Vintage Cookbook: Cocktails - How to Mix Them, "Robert"
Publication Details: Various editions and publishers. First published 1922
Published originally in 1922, Cocktails - How to Mix Them went on to become one of the most successful cocktail books ever printed. It ran through multiple editions over decades and remains, if you have a copy, a great resource for mixing some classic drinks.
Commonly printed in a handy pocket format, it was written and compiled by "Robert" of the "American Bar, Casino Municipal, Nice, and late of the Embassy Club, London." The "Robert" was Robert Vermeire, a well known bartender in the London club scene of the 1920's.
The book has not only Cocktails, but also Rickeys, Slings, Sours, Coolers, Cobblers and many, many more varieties of intoxicating blends, as well as a selection of non-alcoholic cocktails. It is introduced with a fanciful "history" of the cocktail as well as instructions on properly mixing them, shaking versus stirring, and so on. It ends with a fun "Do You Know That-" section of what amounts to alcohol trivia.
Today we will share four drinks from the book (exactly as originally published) that go perfectly with winter and the holidays, and I will throw in one of my own making, The Caribbean Admiral, as an added holiday bonus!
[Editor's Note: The gill is unit of measure that has fallen out of use and is the equivalent, in the case of this book, of a quarter pint. Wikipedia has an entry giving some equivalencies.)
Hot Apple Jack Sling
Fill a tumbler half full of boiling water and Sugar Syrup to sweeten, 3/4 gill of Apple Jack Brandy or Calvados, and stir up gently. Squeeze the peel of a lemon into the glass, and add grated nutmeg.
Some people prefer a tablespoonful of fresh lemon juice also in it.
Hot Spiced Rum
Put into a tumbler 2 or 3 lumps of sugar and dissolve them in a little boiling water, add:
1 gill of Old Jamaica Rum
1 piece of butter as large as a small walnut
1 tablespoon of spices (cinnamon, cloves, nutmeg).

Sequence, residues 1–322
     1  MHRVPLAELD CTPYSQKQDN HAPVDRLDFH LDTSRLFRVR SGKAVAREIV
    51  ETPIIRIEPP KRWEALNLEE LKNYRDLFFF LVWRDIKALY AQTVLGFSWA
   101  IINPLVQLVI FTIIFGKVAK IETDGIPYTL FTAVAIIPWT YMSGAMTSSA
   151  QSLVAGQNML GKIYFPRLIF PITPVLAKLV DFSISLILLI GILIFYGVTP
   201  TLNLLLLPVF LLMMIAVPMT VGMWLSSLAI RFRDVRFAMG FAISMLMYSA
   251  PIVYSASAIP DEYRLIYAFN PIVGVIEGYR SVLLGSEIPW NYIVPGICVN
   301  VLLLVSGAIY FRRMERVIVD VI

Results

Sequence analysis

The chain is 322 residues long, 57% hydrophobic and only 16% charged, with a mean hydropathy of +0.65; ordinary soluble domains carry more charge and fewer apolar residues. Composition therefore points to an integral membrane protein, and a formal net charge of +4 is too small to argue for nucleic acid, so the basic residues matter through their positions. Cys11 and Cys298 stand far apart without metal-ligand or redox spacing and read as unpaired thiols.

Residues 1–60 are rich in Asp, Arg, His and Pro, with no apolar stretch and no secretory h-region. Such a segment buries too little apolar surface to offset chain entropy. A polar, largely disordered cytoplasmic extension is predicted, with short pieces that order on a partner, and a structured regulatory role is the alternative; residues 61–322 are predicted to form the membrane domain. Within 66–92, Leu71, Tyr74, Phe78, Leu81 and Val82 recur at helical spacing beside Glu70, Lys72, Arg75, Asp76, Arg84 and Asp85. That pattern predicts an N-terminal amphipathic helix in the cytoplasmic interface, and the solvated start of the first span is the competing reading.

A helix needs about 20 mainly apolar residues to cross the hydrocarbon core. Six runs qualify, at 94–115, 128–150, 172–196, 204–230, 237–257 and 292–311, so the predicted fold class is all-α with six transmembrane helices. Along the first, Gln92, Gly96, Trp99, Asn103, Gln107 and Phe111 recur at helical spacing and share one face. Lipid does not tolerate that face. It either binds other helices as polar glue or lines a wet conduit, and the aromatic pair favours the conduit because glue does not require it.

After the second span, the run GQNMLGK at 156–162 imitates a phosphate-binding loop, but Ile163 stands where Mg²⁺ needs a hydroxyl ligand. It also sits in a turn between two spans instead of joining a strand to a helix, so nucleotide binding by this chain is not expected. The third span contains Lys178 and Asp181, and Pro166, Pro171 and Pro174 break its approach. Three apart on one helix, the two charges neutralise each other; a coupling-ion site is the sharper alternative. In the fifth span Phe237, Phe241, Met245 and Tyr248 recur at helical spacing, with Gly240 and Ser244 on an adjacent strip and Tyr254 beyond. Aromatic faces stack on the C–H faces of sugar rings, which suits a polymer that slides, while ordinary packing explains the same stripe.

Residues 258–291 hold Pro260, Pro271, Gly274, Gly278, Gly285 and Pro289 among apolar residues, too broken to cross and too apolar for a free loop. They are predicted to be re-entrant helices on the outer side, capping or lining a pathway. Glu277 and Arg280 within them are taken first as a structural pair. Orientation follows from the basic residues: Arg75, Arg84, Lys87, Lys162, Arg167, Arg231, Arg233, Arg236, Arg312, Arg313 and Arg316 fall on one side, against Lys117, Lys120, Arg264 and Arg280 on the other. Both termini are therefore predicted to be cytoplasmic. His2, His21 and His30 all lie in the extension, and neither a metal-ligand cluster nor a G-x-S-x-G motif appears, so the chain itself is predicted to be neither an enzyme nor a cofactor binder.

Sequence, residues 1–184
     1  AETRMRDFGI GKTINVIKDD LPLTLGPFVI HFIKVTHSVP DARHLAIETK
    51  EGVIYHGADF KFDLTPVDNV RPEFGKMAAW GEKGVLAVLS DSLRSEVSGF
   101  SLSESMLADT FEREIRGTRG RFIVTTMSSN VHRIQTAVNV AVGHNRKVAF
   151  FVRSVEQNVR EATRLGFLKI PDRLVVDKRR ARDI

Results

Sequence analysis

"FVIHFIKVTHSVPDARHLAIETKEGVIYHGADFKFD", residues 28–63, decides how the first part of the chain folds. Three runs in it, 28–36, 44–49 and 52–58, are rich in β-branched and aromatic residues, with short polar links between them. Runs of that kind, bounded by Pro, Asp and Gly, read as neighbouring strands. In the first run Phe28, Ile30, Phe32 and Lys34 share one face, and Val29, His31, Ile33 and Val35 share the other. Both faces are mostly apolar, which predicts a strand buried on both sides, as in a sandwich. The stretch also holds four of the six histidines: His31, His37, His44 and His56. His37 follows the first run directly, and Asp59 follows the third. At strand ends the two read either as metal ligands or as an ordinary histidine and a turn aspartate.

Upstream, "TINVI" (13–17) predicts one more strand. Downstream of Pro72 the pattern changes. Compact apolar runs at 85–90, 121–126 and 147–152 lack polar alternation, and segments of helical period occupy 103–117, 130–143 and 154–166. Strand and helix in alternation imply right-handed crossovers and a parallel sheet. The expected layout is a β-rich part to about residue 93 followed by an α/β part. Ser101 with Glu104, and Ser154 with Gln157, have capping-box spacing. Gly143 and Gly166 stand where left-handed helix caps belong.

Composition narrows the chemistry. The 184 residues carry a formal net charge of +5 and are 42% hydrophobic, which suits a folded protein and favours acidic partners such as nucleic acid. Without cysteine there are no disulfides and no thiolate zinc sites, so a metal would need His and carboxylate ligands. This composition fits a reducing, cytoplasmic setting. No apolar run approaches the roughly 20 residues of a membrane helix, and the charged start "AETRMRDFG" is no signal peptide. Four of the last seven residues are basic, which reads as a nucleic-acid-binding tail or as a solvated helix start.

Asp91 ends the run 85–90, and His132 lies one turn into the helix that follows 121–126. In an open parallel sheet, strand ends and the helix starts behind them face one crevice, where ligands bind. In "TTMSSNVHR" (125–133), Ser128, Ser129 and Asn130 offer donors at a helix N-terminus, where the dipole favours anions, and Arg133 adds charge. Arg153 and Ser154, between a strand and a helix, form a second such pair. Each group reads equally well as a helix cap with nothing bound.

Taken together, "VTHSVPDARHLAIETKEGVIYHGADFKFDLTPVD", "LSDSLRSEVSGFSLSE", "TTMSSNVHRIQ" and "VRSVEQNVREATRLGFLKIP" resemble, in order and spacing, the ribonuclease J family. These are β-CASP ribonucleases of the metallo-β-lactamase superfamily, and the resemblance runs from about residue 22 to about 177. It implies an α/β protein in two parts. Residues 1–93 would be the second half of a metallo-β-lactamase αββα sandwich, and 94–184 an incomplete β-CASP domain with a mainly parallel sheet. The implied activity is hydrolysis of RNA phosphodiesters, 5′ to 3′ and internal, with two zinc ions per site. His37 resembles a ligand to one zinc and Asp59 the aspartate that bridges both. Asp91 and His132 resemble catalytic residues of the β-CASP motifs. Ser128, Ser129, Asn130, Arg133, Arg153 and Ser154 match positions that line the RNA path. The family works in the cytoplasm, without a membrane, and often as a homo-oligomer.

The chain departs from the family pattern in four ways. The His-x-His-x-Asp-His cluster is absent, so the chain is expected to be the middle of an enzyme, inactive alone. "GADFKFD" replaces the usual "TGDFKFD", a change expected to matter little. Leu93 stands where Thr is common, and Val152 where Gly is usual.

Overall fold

Fill the glass with boiling water. Stir up well and serve.
This punch is a favourite drink in the Northern countries of Europe, principally in Sweden and Norway. Here is the recipe for a party of four people:
1/2 gill of Brandy
1/2 gill of Dry Sherry
A small bottle of Stout
A small bottle of Lager Beer
1 bottle of Champagne
Sweeten according to taste and decorate with thin slices of lemon.
This punch is usually prepared in a big bowl, and the mixture must be well iced.
The Gluhwein is a German hot Claret Toddy, made as follows:
In a saucepan put 2 lumps of sugar, 1 slice of lemon, 1 piece of cinnamon and 1/2 pint of Claret. Boil and serve as hot as possible.
[Editor's Note: "Claret" is a generic term for a French or Bordeaux style red wine.]
The Caribbean Admiral
My own concoction, this is based on a drink I tried and modified to my own taste by substituting Ginger Beer for Ginger Ale and making a few other modifications! It is rather strong and warms without the need for any actual heat!
In a large tumbler place 2 ounces Rye Whiskey, 1 ounce bitters (like Alpenbitter), 1 ounce lime juice and 6 ounces chilled Ginger Beer. Mix by either gently shaking or stirring thoroughly. Serve poured over a two-or-three ice cubes in a large glass. (As an alternative, vermouth can replace the bitters, though I prefer bitters).